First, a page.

Location

Seattle, WA

Start Date

1-1-1996 12:00 AM

Description

The received signals from eddy current testing (ET) sensors are dependent on a large number of variables. These include conductivity, permeability, geometry, and defects in the material being tested, as well as sensor liftoff and orientation. In order to isolate the effects of any one of these properties from the others, multiple inspection frequencies are often used. This paper describes novel adaptations of a standard technique for combining (mixing) the data from multiple frequencies in order to isolate signals of interest. The adaptations were designed for the optimization of signal-to-noise ratio (SNR), where the “signal” is the information of interest and the “noise” is information from other system variables. For example, for detecting cracks in the presence of geometrical changes, the “signal” is the crack information and the “noise” is the information from the geometrical changes.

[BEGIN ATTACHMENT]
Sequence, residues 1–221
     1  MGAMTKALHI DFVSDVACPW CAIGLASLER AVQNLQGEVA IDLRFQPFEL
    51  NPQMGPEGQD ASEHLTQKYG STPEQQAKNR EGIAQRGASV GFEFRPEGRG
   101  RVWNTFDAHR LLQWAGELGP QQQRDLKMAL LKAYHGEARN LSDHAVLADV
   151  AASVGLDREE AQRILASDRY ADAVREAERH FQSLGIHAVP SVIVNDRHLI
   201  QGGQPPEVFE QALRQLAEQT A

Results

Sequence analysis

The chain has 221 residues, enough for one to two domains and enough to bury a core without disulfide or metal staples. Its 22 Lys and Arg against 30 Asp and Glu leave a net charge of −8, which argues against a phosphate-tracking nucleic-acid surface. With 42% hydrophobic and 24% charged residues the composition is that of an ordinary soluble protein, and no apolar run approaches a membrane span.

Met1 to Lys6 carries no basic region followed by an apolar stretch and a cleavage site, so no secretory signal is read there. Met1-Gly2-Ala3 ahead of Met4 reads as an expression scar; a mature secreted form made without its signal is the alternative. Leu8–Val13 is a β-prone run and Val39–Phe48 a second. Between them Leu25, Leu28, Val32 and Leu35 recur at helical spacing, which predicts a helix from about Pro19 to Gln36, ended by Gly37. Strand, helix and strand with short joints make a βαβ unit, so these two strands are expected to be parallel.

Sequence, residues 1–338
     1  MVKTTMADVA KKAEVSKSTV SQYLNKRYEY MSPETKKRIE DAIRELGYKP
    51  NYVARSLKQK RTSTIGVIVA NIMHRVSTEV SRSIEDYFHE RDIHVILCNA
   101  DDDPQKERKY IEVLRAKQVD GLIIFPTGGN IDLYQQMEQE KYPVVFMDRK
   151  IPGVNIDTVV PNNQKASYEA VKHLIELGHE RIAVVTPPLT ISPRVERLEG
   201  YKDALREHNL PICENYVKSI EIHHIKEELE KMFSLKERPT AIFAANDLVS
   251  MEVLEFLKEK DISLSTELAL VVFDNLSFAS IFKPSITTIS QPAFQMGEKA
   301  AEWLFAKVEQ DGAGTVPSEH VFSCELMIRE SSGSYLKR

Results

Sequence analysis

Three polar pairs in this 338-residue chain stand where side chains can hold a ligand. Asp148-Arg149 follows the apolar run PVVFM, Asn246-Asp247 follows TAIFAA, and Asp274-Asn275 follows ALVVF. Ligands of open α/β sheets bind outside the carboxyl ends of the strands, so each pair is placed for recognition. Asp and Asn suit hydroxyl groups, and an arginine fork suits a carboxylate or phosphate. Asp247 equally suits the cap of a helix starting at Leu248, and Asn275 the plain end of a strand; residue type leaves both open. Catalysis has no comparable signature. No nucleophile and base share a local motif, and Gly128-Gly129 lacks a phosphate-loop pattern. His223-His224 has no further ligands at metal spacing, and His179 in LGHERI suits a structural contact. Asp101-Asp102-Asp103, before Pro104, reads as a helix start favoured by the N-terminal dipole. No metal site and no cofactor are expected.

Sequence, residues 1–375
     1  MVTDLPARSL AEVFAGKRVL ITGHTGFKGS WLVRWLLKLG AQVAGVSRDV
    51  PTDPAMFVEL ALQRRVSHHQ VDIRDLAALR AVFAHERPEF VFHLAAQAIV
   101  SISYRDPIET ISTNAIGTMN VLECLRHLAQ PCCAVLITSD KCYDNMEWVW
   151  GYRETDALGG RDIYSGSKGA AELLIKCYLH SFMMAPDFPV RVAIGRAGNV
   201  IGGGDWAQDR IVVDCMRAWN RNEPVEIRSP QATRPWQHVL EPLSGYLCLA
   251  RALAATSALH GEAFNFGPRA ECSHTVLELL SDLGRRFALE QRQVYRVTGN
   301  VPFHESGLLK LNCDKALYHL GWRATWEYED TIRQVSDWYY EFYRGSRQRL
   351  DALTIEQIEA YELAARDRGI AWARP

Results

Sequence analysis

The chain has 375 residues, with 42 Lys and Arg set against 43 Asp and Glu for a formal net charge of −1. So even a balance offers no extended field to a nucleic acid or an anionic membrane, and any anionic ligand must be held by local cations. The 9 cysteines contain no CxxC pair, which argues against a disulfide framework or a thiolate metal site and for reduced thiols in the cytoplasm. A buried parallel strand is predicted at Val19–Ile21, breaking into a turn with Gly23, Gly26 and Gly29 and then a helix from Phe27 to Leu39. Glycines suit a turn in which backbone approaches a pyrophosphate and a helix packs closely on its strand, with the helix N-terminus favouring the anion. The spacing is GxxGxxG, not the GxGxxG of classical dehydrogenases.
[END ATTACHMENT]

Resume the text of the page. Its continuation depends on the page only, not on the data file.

Volume

15A

Chapter

Chapter 1: Standard Techniques

Section

Eddy Currents

Pages

393-400

DOI

10.1007/978-1-4613-0383-1_50

Language

en

File Format

application/pdf

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Jan 1st, 12:00 AM

Optimal Multidimensional Multifrequency Eddy Current Mixing Techniques

Seattle, WA

The received signals from eddy current testing (ET) sensors are dependent on a large number of variables. These include conductivity, permeability, geometry, and defects in the material being tested, as well as sensor liftoff and orientation. In order to isolate the effects of any one of these properties from the others, multiple inspection frequencies are often used. This paper describes novel adaptations of a standard technique for combining (mixing) the data from multiple frequencies in order to isolate signals of interest. The adaptations were designed for the optimization of signal-to-noise ratio (SNR), where the “signal” is the information of interest and the “noise” is information from other system variables. For example, for detecting cracks in the presence of geometrical changes, the “signal” is the crack information and the “noise” is the information from the geometrical changes.